The main idea of this documentary is giving a realistic view on the research process to a broad audience. This view is centered on the experiences of three PhD students (Rob, Kilpatrick, and Gabrielle) who are advised by the Prof. Larry Shapiro. In the process of becoming scientists by exploring challenging research problems, these students must deal with constant failure and pressure. I believe that the documentary is very successful in demystifying the scientist as a genius and portraying how the evolution of science relies so much on hard-work and a kind of obsession. Prof. Shapiro begins the documentary with the following words:
"One of the best things you can do as a scientist is to suffer from obsessive
compulsive disorder, so that you become obsessed with a problem and
can't stop working on it until you get your answer."
I'm pretty sure that many psychologists and psychiatrists disagree with Prof. Shapiro's opinion, but I also agree that obsession is to some extent important to drive the scientist along the research process, specially in failure situations.
The documentary was shot during 3 years and was also experimental in the sense that they did not know the results of the research projects the students were working on and, as a consequence, the future of the students who were taking part in the documentary.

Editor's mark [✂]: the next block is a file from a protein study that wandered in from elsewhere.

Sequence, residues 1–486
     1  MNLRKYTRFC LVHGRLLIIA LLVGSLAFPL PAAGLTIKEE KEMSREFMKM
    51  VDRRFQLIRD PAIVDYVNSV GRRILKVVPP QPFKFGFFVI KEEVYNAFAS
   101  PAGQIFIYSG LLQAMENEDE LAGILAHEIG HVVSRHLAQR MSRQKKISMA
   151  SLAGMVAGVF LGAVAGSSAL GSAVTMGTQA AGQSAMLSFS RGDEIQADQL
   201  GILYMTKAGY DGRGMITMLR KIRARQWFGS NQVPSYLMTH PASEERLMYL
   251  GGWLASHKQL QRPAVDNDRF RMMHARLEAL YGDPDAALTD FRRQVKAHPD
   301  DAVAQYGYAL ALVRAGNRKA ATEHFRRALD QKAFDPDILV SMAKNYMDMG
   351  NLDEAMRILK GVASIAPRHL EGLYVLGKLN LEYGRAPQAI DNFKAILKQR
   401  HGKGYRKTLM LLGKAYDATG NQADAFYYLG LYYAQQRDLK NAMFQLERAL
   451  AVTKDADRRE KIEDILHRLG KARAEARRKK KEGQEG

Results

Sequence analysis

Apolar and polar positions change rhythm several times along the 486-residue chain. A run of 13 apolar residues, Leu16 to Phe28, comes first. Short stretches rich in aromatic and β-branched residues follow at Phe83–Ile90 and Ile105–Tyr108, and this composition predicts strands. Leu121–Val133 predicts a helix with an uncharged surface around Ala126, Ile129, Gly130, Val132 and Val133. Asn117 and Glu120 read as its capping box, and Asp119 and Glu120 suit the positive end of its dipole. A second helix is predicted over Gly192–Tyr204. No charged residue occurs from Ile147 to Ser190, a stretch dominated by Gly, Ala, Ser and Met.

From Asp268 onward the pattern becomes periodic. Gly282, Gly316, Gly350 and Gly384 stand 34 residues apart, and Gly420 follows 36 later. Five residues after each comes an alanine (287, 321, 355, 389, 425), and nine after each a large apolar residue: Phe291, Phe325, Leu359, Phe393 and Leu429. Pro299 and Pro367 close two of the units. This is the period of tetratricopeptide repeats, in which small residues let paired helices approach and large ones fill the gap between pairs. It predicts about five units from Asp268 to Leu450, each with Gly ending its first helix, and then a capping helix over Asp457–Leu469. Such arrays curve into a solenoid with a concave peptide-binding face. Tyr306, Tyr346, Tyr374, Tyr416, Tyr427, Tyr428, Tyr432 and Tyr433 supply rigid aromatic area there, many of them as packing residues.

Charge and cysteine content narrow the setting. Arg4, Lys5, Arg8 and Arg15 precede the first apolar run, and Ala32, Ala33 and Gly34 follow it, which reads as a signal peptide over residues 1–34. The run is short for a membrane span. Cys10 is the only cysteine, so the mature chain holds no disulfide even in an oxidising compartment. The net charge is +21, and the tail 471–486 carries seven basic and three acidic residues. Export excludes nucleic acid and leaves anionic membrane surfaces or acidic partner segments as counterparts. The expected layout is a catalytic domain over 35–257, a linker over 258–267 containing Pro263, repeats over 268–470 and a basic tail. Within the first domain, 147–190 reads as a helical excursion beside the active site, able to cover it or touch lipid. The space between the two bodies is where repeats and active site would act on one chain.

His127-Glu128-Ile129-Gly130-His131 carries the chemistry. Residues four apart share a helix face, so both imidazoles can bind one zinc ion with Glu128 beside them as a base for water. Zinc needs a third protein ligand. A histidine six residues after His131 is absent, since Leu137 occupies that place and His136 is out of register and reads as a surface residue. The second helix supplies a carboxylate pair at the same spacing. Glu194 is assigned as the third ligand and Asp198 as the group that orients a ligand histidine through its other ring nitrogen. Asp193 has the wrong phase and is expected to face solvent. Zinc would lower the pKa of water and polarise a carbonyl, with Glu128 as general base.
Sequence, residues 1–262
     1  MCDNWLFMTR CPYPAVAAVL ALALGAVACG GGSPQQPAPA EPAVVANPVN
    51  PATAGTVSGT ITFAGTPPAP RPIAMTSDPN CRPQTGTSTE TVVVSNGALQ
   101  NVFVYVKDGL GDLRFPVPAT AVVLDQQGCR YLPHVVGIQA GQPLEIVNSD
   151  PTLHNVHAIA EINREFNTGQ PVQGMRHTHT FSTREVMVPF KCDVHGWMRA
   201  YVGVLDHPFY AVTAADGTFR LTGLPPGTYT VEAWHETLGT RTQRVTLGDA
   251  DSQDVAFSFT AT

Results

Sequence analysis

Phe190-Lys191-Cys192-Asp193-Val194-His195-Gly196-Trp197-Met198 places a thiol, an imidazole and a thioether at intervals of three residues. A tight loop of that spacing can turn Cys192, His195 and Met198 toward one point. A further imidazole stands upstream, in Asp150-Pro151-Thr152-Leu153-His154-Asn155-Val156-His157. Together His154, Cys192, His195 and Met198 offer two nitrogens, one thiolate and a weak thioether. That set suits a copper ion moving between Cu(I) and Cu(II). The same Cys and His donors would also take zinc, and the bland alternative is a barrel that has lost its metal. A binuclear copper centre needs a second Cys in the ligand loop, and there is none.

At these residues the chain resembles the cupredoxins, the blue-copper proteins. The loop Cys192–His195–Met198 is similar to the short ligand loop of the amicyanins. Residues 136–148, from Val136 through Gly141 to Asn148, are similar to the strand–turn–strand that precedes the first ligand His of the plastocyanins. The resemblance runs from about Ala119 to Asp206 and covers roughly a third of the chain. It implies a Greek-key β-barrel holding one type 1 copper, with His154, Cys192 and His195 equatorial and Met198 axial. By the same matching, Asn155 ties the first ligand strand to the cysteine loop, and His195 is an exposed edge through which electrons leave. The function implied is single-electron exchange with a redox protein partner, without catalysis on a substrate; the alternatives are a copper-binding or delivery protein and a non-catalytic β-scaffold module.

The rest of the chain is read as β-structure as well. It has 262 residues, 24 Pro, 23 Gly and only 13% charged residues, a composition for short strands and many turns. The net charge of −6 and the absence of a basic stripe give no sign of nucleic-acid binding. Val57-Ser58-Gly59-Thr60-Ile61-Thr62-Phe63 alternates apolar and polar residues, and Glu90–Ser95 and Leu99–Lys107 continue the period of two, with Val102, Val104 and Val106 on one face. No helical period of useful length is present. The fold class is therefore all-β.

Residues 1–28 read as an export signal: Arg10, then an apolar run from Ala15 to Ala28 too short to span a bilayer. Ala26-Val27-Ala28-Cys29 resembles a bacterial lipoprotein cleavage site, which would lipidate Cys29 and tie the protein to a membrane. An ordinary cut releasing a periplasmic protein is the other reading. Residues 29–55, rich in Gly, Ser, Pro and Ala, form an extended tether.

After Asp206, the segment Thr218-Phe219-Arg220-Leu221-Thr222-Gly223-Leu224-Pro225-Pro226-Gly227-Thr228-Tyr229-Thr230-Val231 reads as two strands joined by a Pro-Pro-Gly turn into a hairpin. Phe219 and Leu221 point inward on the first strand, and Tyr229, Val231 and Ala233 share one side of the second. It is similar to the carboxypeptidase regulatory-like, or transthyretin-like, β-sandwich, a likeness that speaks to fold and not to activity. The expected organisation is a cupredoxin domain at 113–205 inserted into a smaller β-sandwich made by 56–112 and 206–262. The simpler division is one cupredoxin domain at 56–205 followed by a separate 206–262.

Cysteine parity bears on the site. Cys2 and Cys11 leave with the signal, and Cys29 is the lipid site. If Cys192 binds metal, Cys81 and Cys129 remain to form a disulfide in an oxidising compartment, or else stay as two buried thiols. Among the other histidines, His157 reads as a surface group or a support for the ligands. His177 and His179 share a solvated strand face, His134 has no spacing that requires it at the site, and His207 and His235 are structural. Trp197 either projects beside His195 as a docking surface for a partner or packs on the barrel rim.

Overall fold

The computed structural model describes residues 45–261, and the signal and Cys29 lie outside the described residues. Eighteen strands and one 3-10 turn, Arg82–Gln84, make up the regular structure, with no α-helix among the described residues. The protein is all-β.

All the students in the documentary were working on similar problems. Their main goal was understanding the functioning of a protein by looking into its structure. In order to get such structure, they had to engineer them as crystals and then analyze how they diffract X-rays by running experiments in a synchrotron. The main challenge was getting the crystals that would enable the diffraction.
Rob Townley, the main character of the documentary, is focused on a specific protein called AMPL, which controls the burning and storage of fat, being linked to diabetes and obesity. Rob is certainly not the successful young and smart kind of PhD student most of people are used to hear about. However, he is persistent and ends up providing many emotional moments through the documentary, specially in the end. But I won't be a spoiler here, so please watch it. This is favorite quote from Rob about the research process:
"Either you got to be a fool or an optimist."
But this is one of those typical cases where you don't have the skills to perceive yourself as a fool in case you are one, right?